Cloud Computing Grows, Interest in Data Centers Remains: Survey
Despite increases in cloud computing, 50 percent of companies are investing and planning over the long term to build or expand data centers that they manage as a corporate entity, according to a survey conducted by CoreNet Global and Newmark Knight Frank. The survey indicated companies are most concerned with risk management and business continuity when deciding where to locate their data centers. One result is a preference for most companies to maintain management of data center operations internally, and not to outsource the function.
Nearly two-thirds (62 percent) of executives surveyed from 30 multinational corporations emphasize the selection of low-risk areas for their data center sites. A majority of the respondents (52 percent) also identified redundant power sources as a key location decision factor, along with access to high-speed fiber optic networks (57 percent). The two primary drivers for opening data centers are lack of existing capacity (48 percent) and company growth (47 percent).
"Data centers are the digital-age equivalent of the engine room driving today's globally networked corporate enterprise," observes Bryan Loewen, senior managing director of data centers, for Newmark Knight Frank global corporate services. "The reliable, secure, continuous and efficient operation of data centers has thus become a function vital to the profitability of many companies in today's and tomorrow's worlds of e-commerce."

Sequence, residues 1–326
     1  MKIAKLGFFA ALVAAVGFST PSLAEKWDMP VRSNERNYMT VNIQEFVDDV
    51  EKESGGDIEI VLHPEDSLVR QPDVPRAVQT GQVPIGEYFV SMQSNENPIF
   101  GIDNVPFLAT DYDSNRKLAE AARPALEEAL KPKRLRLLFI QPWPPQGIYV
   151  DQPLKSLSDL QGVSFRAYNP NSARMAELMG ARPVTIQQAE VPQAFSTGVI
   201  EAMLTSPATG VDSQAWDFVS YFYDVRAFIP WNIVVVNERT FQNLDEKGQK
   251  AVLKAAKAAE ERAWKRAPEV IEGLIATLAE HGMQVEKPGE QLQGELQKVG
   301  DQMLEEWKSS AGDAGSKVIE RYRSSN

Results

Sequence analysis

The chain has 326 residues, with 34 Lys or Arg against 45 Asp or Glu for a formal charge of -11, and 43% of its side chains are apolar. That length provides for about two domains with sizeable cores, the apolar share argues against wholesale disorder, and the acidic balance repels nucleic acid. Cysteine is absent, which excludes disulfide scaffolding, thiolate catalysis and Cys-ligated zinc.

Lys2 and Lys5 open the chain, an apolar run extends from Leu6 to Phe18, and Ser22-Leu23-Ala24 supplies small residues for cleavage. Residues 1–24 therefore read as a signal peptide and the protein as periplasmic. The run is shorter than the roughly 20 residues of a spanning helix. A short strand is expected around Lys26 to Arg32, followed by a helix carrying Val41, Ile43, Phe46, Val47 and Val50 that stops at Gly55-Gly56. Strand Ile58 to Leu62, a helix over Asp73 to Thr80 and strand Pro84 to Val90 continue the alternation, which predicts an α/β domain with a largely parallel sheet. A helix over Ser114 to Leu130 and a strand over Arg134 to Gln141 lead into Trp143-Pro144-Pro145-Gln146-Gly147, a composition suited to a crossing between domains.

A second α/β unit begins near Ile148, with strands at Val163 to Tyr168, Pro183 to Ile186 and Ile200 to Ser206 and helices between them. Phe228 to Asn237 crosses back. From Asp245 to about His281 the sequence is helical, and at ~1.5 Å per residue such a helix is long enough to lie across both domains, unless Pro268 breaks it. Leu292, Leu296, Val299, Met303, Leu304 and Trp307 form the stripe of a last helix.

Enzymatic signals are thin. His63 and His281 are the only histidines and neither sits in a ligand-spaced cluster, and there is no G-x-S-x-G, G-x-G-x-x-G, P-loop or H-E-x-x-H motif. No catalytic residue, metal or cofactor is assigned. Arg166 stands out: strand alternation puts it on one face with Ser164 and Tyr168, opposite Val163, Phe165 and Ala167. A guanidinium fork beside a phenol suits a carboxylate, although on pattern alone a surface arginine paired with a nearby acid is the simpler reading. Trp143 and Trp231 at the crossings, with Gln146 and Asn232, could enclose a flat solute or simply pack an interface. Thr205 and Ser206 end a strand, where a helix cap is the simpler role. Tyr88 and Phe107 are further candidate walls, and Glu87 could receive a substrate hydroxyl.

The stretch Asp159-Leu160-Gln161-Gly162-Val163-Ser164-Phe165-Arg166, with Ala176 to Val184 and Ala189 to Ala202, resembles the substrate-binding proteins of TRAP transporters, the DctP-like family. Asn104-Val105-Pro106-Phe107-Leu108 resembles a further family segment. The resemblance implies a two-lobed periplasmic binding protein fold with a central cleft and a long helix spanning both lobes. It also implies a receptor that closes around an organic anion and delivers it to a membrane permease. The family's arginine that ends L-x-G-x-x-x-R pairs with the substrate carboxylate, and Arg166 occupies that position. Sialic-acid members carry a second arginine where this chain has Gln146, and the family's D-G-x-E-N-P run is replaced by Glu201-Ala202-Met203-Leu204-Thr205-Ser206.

The joint survey points out the still-relatively low adoption of LEED-certified facilities and outsourced operations. For example, only 5 percent rate LEED-certified centers as a top criterion for data center site selection. Yet a strong majority (57 percent) thinks LEED-certified owned or leased data centers are important in terms of future occupancy.
At the same time, very few companies (6 percent) currently outsource their entire data center computing to the cloud. Nearly one-fourth (24 percent) do not use the cloud at all. Conversely, nearly three-fourths (71 percent) say their companies outsource at least some of their data center computing to the cloud. Almost one-third (29 percent), however, expressed a willingness to use outsourced partners to handle future data center requirements.
The survey shows that companies are also increasingly consolidating or combining their data centers, and that some of the biggest concerns are cost of relocation (32 percent), disaster recovery limitations (26 percent), need for infrastructure upgrades (26 percent), future rent escalations on leased centers (5 percent), growth and expansion limited by power supply (5 percent) and growth limitations due to cooling capacity (5 percent). Power usage effectiveness (PUE) is also a strategic priority in most data center cases, the survey found.